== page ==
Everything changed in 2012, when National Geographic Romania published an article about Văcăreşti. The article, entitled ‘The Delta Between the Blocks’, effectively introduced the country to a site of natural abundance located within the capital.
‘All of the main television stations discovered the paradox that in the middle of the city there is a place with wild natural diversity,’ says Cristian Lascu, the editor-in-chief of National Geographic Romania at the time and co-author of the article. ‘National Geographic Romania didn’t have a huge audience, but the television stations did.’
Lascu, who would go on to co-found the Văcăreşti Natural Park Association, says he had initially heard about the large number of bird species at the site from a birdwatcher in 2011. ‘I intended to publish an article about the birds, but visiting the site, I realised that there was a more important article to write. I didn’t expect it to have such an echo. In 12 years of being editor-in-chief, maybe it was my most important achievement,’ he says. ‘The dream of any journalist is to see how his or her work can change things.’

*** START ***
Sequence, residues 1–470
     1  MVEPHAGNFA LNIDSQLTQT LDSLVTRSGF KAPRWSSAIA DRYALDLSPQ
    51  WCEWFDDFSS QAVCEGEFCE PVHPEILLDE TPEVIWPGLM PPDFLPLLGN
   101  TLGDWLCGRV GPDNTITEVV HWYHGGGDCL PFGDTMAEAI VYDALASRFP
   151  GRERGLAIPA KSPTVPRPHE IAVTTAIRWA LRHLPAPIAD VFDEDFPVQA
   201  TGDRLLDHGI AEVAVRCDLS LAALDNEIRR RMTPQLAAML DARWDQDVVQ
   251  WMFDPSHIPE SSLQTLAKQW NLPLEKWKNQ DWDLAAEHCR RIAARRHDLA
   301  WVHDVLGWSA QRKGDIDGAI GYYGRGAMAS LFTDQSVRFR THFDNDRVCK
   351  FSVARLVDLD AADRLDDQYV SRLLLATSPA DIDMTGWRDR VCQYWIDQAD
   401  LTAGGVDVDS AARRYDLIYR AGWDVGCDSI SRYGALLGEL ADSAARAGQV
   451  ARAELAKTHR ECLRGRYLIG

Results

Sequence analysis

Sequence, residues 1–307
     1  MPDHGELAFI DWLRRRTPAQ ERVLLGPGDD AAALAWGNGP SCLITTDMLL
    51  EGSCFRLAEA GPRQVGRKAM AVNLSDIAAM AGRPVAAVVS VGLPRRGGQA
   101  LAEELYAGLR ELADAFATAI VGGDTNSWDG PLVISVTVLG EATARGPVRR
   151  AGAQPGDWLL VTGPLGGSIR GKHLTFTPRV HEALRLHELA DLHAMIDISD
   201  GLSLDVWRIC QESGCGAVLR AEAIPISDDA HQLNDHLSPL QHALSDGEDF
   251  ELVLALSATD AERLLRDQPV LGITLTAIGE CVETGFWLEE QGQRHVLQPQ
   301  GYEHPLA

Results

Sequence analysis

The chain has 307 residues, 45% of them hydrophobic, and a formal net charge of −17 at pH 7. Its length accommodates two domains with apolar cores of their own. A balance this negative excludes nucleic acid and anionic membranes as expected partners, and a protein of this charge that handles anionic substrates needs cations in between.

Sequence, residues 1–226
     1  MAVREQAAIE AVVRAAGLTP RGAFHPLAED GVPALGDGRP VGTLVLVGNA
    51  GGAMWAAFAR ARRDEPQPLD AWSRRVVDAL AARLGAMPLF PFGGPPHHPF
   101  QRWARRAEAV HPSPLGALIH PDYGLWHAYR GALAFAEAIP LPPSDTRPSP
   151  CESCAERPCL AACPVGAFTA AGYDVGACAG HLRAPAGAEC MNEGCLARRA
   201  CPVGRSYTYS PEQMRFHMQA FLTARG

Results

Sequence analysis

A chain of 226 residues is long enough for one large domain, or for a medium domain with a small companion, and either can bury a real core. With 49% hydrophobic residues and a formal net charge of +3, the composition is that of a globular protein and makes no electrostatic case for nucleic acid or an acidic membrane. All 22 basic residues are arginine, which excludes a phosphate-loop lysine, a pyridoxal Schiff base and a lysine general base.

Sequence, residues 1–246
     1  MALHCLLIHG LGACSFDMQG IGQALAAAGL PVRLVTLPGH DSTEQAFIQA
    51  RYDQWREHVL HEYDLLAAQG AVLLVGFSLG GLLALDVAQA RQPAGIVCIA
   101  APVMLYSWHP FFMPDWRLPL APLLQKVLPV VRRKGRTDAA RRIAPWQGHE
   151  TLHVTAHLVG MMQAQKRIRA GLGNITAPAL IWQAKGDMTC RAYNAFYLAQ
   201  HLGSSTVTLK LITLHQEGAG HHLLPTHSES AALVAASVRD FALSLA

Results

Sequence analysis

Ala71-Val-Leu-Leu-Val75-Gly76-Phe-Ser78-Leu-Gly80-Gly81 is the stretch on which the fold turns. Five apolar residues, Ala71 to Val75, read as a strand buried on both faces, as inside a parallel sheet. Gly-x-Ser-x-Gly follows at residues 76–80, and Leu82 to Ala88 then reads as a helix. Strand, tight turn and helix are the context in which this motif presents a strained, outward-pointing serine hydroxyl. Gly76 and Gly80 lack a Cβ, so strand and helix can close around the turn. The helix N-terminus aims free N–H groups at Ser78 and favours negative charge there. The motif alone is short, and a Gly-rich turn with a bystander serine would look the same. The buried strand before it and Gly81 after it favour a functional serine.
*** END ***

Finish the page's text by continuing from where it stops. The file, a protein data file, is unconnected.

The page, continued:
After a long fight
Today, Văcăreşti is slowly becoming a destination in its own right. On a weekend in early summer, families and groups of friends wandered freely through the space, exploring the unexpected urban wilderness. Some climbed up into one of the four wooden birdwatching platforms dotted around the park, which offer a more expansive view over the verdant nature. The top of the embankment, which runs for roughly six kilometres, has become an informal jogging track, offering a fascinating contrast as you look from left to right.
Within the park itself lies a maze of dirt paths, some wide enough to allow cyclists and larger groups to explore, others narrow and overgrown, passing through meadows of wild grass before unexpectedly opening up beside one of the park’s many interconnected lakes. Trees, including poplar, elm and willow, offer small patches of shade for visitors.